“We are beginning to witness very clearly how the effects of climate change ripple through enterprises and labour markets,” he said. “We also see that this is different from one region to the other, across segments of the labour force, indeed from one occupation to another.”

While some countries are struggling with persistent droughts, he said, others simply witness changes in the timing and rhythm of their agricultural and even their fishing seasons, affecting food production and security, and peoples’ incomes.

“But we now also know that there is much potential for more and better jobs if we work towards sustainable development – so this is a debate about opportunity as well,” he said.

The ILO chief kicked off a high-level panel on ‘Climate Change and the World of Work’ that discussed how governments, workers and employers can help build resilience and create solutions in pursuit of social justice, productive employment and sustainable enterprises, and ensure a just transition for all.

“Young people expect us to leave behind a viable planet where they can enjoy a decent life and decent work,” he said.

Addressing the younger generation, frequent UN collaborator Pharrell Mr. Williams, the Grammy-winning American singer and songwriter of, among others, the global hit Happy, called on the international community to tackle the dual challenges of climate change and youth unemployment.

“I believe that climate change is one of the defining issues of our time, one that threatens our very existence on Earth,” said Williams in a video address at the Summit. “We’ve also got another serious problem on our hands: millions of young people who don’t have jobs, and don’t have access to the education and skills they need to get them.”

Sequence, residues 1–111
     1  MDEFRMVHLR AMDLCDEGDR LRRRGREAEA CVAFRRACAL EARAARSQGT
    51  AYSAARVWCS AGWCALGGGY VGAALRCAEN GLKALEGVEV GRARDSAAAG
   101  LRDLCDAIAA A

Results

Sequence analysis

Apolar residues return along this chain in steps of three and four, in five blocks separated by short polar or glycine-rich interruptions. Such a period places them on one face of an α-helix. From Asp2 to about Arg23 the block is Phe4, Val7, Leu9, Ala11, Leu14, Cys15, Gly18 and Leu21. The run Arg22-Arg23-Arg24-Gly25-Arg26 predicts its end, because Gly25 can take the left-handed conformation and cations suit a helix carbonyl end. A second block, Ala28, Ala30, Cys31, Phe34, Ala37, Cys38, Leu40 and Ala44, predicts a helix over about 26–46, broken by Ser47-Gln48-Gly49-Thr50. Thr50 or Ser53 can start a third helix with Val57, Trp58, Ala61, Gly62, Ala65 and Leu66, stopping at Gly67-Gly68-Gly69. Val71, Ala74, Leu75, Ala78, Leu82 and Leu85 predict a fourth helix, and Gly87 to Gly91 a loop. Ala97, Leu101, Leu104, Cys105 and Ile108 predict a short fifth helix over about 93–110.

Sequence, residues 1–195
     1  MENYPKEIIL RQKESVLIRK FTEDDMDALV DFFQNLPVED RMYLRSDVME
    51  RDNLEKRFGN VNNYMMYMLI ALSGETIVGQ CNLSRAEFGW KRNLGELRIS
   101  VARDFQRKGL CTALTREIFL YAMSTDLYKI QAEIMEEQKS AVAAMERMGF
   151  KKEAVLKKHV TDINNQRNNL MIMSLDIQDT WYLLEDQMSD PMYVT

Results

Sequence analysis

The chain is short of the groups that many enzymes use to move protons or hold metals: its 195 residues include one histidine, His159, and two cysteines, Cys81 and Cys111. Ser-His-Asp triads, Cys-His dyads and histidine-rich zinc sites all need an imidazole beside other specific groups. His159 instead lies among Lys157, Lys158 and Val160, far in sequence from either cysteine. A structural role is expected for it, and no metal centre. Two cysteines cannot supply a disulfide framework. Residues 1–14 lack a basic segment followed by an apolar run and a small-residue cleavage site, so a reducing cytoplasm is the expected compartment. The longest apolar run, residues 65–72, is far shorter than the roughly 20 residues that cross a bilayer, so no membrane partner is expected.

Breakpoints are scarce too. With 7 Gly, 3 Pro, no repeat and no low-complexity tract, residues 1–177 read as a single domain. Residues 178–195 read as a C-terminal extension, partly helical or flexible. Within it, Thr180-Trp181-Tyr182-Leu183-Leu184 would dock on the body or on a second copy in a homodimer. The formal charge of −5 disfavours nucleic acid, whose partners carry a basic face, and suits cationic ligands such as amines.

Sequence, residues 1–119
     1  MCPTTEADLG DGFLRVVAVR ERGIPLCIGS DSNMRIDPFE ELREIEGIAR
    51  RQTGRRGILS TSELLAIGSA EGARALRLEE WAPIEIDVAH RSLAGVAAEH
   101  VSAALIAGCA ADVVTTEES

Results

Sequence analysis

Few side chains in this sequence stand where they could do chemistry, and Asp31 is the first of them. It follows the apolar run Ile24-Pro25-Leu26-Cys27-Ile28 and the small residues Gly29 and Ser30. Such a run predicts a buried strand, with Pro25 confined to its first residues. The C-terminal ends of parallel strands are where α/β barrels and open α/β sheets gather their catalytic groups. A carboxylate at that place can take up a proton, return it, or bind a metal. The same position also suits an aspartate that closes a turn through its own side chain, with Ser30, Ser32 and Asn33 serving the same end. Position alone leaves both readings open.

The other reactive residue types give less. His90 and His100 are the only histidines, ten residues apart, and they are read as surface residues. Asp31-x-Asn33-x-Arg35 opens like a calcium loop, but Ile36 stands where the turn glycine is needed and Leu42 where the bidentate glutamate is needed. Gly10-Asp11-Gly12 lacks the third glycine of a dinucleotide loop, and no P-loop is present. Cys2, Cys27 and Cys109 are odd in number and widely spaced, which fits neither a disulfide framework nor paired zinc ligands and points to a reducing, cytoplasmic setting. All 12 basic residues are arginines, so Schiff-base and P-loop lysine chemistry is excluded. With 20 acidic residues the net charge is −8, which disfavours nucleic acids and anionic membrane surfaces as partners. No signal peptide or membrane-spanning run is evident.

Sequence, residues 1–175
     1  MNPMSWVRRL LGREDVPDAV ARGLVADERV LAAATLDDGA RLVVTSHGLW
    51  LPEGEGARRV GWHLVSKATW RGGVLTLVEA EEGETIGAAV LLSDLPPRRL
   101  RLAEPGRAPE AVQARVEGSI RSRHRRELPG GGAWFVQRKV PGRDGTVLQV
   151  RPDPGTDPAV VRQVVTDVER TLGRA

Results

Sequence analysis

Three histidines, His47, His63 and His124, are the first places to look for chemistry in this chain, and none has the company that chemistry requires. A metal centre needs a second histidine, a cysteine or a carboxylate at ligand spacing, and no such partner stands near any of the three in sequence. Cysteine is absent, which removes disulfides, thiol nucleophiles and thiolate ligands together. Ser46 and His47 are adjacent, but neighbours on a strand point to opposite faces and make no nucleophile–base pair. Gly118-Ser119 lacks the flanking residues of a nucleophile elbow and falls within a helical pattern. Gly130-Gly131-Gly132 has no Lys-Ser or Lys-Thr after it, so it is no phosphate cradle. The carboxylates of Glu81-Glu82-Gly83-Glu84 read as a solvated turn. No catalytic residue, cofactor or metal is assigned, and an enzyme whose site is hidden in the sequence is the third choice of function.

Williams called on the key players of the world of work ? governments, employers and workers ? to ensure that green, decent jobs are right at the top of the agenda when the world meets at the climate change conference at the end of the year.

Article source: http://www.un.org/apps/news/story.asp?NewsID=51122

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At annual meeting, UN committee on space issues renews focus on sustainability and climate change

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10 June 2015 – The Committee on the Peaceful Uses of Outer Space opened its annual session in Vienna today with the role of sustainability and climate change in outer space activities taking centre stage, the United Nations space agency has reported.

In a press release issued by the UN Office for Outer Space Affairs (UNOOSA), the UN agency confirmed that, for the first time in its history, the Committee would address transparency and confidence-building measures in outer space activities and how they relate to the safety of space operations and the long-term sustainability of outer space activities.

According to UNOOSA, the Committee will also engage in “a preparatory exploration” of the topics set to be covered during a joint ad hoc meeting of the First and Fourth Committees of the General Assembly in late October which will, in turn, place the report of the Group of Governmental Experts on Transparency and Confidence-building Measures in Outer Space Activities at the centre of all considerations.